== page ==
Columbia Threadneede: India’s digital revolution offers more opportunities for investors

Columbia Threadneede: India’s digital revolution offers more opportunities for investors
Digital Business

The country is in a structural growth cycle, with a focus on reform, infrastructure investment and manufacturing. Alongside favourable demographics, it's making India an easier country in which to do business

28.02.2024 | 12:05 Uhr

In November 2016, on the same day Donald Trump won the US presidential elections, the Indian government announced a massive demonetisation effort, removing the country’s largest bills from circulation, representing 80% of total currency.1 On any normal day this would have been on the front pages of all the major financial publications, however, election of the 45th President of the United States understandably took precedence.

Demonitisation, which initially created tremendous economic upheaval, was part of the government’s ambitious efforts to combat corruption, curb tax evasion and bring more people into the formal economy. It was part of a comprehensive strategy by the government of Prime Minister Narendra Modi to structurally transform the Indian economy. Since he was elected in 2014, Modi has pushed forward economic reforms aimed at fostering a more business-friendly environment, including instituting a national goods and services tax (GST). This streamlined the complicated web of state taxes and helped bring the manufacturing and industrial sectors into the formal economy. He also revised the Insolvency and Bankruptcy code which facilitated improving capital allocation and the cost of credit.

Many market participants did not connect the dots at the time, but the digitalisation of the Indian economy, known as IndiaStack, was a core part of the government’s strategic thinking. This digital public infrastructure is best understood as a public utility and it could have enormous implications for the people of India and its economy. It could also present new and compelling investment opportunities.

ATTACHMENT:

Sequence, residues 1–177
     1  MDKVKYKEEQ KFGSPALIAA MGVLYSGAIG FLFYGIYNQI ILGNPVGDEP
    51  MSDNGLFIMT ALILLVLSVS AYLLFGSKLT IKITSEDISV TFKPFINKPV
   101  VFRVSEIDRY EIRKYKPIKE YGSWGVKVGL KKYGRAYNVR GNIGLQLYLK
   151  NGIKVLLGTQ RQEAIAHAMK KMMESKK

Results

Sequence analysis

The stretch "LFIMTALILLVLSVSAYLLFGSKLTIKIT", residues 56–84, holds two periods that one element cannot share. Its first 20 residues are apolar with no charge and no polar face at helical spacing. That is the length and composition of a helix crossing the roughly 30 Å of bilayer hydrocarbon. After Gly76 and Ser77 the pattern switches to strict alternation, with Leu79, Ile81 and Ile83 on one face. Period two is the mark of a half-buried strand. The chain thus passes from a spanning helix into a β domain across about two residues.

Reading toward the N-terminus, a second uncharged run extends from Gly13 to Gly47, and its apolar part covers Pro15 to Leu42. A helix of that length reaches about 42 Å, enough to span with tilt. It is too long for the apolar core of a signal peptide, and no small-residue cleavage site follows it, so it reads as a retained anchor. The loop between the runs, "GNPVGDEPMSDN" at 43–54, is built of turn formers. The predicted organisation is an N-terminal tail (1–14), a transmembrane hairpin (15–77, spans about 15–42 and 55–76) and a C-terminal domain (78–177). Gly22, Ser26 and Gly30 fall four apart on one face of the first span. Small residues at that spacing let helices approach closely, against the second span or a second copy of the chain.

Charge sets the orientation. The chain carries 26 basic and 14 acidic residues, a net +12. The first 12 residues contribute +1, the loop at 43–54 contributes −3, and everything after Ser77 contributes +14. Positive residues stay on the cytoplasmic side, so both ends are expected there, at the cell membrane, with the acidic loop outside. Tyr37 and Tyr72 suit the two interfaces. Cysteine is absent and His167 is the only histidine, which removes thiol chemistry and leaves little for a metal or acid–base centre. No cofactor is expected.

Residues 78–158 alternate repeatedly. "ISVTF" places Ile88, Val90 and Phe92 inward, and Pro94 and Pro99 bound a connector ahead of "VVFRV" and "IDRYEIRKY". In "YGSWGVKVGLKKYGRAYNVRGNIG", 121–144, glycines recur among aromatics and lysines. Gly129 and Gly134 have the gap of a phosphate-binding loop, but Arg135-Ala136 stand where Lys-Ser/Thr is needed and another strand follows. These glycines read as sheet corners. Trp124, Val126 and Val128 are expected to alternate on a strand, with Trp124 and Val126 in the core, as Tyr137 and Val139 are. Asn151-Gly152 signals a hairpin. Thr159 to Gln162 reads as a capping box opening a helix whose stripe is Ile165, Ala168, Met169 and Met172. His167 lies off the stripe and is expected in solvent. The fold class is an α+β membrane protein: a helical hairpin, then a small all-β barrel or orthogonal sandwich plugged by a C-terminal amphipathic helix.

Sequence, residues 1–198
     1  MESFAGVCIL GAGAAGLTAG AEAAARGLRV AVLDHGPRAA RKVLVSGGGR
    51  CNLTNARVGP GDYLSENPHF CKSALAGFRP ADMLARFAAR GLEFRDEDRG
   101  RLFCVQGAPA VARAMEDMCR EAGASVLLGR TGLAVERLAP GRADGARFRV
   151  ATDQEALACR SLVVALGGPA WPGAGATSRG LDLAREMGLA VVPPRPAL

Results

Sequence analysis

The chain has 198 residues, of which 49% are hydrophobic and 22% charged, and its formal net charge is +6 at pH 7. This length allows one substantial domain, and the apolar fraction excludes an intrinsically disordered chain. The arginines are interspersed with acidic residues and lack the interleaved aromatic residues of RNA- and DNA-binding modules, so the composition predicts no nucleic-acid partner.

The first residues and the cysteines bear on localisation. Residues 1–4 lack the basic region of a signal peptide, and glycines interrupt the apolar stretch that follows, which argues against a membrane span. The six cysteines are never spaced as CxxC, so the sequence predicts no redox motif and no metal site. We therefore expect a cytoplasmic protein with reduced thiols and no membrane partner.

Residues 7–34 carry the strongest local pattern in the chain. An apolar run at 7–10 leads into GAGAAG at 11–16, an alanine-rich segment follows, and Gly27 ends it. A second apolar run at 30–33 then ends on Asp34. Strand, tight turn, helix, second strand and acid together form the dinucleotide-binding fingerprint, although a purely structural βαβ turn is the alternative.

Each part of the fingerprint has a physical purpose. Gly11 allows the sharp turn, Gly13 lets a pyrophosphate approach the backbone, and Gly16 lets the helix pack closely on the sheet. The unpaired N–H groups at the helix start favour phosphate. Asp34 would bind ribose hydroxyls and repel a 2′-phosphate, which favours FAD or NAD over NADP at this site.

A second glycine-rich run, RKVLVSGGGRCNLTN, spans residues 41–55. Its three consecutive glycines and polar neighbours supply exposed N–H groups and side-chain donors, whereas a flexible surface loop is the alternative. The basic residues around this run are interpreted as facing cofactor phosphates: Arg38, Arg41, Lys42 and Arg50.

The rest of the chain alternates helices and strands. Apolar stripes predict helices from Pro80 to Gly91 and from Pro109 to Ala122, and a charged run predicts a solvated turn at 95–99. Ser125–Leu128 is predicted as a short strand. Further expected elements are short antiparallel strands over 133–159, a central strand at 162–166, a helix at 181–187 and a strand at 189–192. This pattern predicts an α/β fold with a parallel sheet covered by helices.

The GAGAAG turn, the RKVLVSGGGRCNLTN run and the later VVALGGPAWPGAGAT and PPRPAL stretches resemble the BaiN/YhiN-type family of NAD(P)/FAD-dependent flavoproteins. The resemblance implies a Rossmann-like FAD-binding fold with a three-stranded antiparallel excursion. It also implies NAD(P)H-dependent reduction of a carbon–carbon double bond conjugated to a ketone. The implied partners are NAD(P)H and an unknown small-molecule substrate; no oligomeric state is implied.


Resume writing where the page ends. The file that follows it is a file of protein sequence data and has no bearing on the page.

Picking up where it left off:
Understanding India’s digital evolution and revolution

The potential significance of IndiaStack is best understood through an example: Prema is a 23-year-old born in a rural Indian village who recently migrated to Mumbai in pursuit of better opportunities. But without a permanent address Prema would fall at the first hurdle when trying to open a bank account. Here’s how IndiaStack works for her:

  1. Identify: The first layer of IndiaStack is AADHAR, a biometric identity database, which links Prema’s national ID to her biometric data so she can open a bank account and financial service providers can conduct “know your customer” checks.
  2. Payments: Next, the Unified Payments Interface (UPI) enables cashless payments by linking Prema’s ID number, phone number and bank account to a payment address. This allows her to receive her salary electronically. It also enables her to send money back to her parents or shop at the local market, all on her smartphone and without a costly middleman.
  3. Data: The final layer, DigiLocker and e-consent, allows Prema to store copies of documents like academic records, birth certificate and driver’s licence. She can share these with potential employers or financial service companies to apply for loans.

Together with India’s demographic and income trends, these reforms could support continued economic development and growth. India is the world’s most populous country, with a median age of 29,2 recently breaking the $2,000 GDP-per-capita level,3 and a rapidly expanding middle class – the number of households earning in excess of $35,000 a year4 is expected to rise fivefold in the coming decade (Figure 1). It is estimated that more than 40%5 of the Indian economy is informal. Digitisation has the potential to bring many people into the formal economy, for example by facilitating access to credit. The reforms have also revolutionised credit underwriting and streamlined lending, which should result in a significant pick up in loan growth, boosting the financial sector and the economy. We’ve also witnessed an explosion in retail investing with a potential quintupling of stock market participants from 62 million to around 300 million.6

Digitisation has the potential to bring many people into the formal economy, for example by facilitating access to credit.

Figure 1: India’s income pyramid is forecast to invert within the next decade


Infrastructure and manufacturing are still key

India’s structural growth story is not just limited to digitalisation, population and wealth creation. The government is investing in massive infrastructure projects and supporting the development of its manufacturing sector in a bid to increase foreign direct investment and kick-start substantial network effects in supply chains, as the economy seizes the opportunity of China+1 diversification efforts by multinational corporates.


1 American Economic Association, 2020
2 Worldometer. 2023
3 Citi Research. 2023
4 Jefferies. 2023
5 World Economics. 2023
6 Morgan Stanley. 2023

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